Bloom quotes Pinker and goes on to write:

Henry Adams put this in stronger terms, with regard to Robert E. Lee: “It’s always the good men who do the most harm in the world.”

This might seem perverse. How can good lead to evil? One thing to keep in mind here is that we are interested in beliefs and motivations, not what’s good in some objective sense. So the idea isn’t that evil is good; rather, it’s that evil is done by those who think they are doing good.

So from a moral perspective, empathy can lead us astray. We may believe we are doing good or that our actions are justified but this may not necessarily be true for all involved. This is especially troublesome when we consider how we are affected by a growing list of cognitive biases.

Empathy and Biases

While empathy may not be required to motivate us to save a drowning child, it can still help us consider the differing experiences or suffering of another person thus motivating us to consider things from their perspective or thus act to relieve their suffering:

I see the bullied teenager and might be tempted initially to join in with his tormenters, out of sadism or boredom or a desire to dominate or be popular, but then I empathize—I feel his pain, I feel what it’s like to be bullied—so I don’t add to his suffering. Maybe I even rise to his defense. Empathy is like a spotlight directing attention and aid to where it’s needed.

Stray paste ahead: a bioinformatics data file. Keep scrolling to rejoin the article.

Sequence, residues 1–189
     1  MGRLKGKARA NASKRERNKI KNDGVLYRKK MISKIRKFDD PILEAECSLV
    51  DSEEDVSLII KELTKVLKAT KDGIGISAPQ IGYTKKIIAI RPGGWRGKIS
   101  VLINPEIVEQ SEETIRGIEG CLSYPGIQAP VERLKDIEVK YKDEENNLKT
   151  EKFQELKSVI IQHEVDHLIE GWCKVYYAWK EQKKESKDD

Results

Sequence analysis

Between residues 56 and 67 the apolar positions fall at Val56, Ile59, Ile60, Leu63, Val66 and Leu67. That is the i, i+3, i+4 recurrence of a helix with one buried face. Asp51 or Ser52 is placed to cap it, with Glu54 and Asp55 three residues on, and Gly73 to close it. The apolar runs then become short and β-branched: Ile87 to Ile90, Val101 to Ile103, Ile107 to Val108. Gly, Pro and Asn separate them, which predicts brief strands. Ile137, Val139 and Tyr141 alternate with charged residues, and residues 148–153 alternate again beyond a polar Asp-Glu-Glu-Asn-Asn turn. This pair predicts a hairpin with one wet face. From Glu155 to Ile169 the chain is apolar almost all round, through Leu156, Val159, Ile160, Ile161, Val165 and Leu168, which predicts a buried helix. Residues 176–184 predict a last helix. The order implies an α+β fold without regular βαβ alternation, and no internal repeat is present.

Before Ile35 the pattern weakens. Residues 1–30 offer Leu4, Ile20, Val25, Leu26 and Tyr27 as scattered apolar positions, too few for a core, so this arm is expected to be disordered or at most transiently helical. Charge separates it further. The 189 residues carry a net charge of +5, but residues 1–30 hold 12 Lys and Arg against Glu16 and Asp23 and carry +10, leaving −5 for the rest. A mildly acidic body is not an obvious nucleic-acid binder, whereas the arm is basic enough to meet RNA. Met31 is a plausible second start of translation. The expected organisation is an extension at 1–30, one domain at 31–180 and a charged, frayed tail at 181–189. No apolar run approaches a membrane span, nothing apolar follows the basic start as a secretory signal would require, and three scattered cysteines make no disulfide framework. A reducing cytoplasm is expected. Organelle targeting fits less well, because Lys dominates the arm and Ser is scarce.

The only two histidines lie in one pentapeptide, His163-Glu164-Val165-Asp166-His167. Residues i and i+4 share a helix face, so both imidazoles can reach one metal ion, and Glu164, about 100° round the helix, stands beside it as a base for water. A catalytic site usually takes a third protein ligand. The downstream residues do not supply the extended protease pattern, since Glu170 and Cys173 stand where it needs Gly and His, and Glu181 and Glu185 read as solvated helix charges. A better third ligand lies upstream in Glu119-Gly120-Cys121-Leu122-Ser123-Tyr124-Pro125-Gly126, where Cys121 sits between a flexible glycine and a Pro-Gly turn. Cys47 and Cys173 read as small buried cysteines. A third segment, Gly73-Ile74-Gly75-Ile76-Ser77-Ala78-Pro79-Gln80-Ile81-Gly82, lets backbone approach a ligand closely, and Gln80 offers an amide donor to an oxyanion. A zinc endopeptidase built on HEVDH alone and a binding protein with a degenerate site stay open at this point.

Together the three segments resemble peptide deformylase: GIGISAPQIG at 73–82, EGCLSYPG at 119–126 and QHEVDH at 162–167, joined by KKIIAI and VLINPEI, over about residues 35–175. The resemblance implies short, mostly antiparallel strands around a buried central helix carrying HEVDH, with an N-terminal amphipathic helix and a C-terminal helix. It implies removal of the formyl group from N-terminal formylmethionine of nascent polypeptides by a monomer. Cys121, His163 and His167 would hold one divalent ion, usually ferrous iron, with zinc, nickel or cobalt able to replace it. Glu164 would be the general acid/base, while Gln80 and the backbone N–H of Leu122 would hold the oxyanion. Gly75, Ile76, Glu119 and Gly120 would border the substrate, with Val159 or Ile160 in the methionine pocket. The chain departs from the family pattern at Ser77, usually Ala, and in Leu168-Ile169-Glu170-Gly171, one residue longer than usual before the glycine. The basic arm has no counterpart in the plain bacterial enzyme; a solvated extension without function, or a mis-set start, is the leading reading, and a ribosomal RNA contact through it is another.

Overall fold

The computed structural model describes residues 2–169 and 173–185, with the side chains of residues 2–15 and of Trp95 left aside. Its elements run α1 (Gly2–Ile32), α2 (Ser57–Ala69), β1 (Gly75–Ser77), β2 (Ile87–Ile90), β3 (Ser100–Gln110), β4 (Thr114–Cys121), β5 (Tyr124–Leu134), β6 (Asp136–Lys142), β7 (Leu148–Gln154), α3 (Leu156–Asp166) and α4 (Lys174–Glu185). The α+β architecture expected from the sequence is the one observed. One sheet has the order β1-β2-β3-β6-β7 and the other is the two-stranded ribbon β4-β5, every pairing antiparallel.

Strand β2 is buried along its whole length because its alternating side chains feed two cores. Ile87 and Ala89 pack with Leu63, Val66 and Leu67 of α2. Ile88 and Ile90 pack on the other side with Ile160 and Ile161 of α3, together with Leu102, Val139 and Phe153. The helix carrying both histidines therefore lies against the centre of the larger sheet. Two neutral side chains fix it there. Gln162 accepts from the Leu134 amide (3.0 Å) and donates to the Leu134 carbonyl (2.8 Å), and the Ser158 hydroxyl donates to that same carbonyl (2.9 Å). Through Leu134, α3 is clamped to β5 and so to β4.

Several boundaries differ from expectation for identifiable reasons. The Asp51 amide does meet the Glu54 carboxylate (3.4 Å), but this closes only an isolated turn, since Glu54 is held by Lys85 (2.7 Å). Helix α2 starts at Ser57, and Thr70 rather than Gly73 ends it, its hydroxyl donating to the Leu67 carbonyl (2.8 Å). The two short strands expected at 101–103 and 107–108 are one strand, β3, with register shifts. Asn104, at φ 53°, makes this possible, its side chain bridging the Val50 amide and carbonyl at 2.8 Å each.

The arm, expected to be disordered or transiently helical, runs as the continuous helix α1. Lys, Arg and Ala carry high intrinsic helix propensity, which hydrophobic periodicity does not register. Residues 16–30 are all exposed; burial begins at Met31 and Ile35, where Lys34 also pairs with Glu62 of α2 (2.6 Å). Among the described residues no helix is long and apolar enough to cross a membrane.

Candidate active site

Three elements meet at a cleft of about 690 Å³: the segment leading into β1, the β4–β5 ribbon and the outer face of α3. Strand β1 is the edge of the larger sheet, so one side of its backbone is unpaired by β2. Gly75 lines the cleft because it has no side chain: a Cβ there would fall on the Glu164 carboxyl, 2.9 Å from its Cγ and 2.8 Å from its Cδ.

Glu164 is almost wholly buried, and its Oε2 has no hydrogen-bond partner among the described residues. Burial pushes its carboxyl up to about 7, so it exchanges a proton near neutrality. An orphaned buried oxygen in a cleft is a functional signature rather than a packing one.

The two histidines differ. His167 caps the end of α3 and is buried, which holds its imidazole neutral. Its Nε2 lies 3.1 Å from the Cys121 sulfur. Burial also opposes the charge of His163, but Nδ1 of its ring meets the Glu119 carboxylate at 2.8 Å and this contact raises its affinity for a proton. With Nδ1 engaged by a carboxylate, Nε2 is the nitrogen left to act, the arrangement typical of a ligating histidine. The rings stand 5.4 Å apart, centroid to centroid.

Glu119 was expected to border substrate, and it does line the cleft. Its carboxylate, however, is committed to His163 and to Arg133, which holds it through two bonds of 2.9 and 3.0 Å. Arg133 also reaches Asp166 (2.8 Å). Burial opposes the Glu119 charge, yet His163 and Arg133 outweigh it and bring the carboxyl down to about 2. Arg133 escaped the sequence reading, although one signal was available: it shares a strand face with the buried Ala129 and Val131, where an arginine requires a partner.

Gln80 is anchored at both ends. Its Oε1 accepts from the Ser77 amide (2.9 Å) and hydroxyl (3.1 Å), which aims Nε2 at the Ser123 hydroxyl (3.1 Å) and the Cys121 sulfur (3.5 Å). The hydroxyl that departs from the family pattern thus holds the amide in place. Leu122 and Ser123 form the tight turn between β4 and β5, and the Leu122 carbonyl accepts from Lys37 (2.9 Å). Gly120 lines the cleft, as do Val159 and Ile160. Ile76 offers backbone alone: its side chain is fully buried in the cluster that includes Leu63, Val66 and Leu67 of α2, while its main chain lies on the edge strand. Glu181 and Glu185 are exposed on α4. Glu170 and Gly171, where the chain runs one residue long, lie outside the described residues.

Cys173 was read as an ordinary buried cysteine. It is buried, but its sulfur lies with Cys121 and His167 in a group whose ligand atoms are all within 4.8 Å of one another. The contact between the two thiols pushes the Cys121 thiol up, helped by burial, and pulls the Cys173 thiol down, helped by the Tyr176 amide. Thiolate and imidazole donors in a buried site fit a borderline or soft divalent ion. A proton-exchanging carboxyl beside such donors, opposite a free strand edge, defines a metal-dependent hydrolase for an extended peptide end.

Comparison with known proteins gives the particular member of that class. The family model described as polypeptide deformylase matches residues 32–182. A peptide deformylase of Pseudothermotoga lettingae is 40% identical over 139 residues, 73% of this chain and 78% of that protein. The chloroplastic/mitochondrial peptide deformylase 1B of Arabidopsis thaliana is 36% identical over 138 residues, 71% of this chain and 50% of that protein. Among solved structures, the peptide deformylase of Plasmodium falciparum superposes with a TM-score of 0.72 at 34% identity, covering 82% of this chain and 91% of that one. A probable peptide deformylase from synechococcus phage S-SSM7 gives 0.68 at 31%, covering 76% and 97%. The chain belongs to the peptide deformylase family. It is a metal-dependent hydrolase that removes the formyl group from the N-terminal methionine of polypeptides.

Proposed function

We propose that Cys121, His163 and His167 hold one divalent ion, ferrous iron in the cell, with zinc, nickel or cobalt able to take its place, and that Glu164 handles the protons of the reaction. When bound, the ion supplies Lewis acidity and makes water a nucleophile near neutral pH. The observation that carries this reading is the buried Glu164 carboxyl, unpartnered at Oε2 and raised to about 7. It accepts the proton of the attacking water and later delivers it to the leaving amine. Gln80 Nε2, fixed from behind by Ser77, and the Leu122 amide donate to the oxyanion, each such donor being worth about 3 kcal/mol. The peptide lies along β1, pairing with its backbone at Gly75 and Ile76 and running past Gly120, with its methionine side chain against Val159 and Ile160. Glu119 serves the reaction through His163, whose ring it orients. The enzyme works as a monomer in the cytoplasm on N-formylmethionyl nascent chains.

On the surface this seems like an excellent case for the positive power of empathy; it shines a “spotlight” on a person in need and motivates us to help them. But what happens when we dig a little deeper into this metaphor? Bloom writes

… spotlights have a narrow focus, and this is one problem with empathy. It does poorly in a world where there are many people in need and where the effects of one’s actions are diffuse, often delayed, and difficult to compute, a world in which an act that helps one person in the here and now can lead to greater suffering in the future.

He adds:

Further, spotlights only illuminate what they are pointed at, so empathy reflects our biases. Although we might intellectually believe that the suffering of our neighbor is just as awful as the suffering of someone living in another country, it’s far easier to empathize with those who are close to us, those who are similar to us, and those we see as more attractive or vulnerable and less scary. Intellectually, a white American might believe that a black person matters just as much as a white person, but he or she will typically find it a lot easier to empathize with the plight of the latter than the former. In this regard, empathy distorts our moral judgments in pretty much the same way that prejudice does.

We are all predisposed to care more deeply for those we are close to. From a purely biological perspective, we will care for and protect our children and families before the children or families of strangers. Our decision making often falls victim to narrow framing, and our actions are affected by biases like Liking/Loving and Disliking/Hating and our tendency to discount the pain of people we don’t like: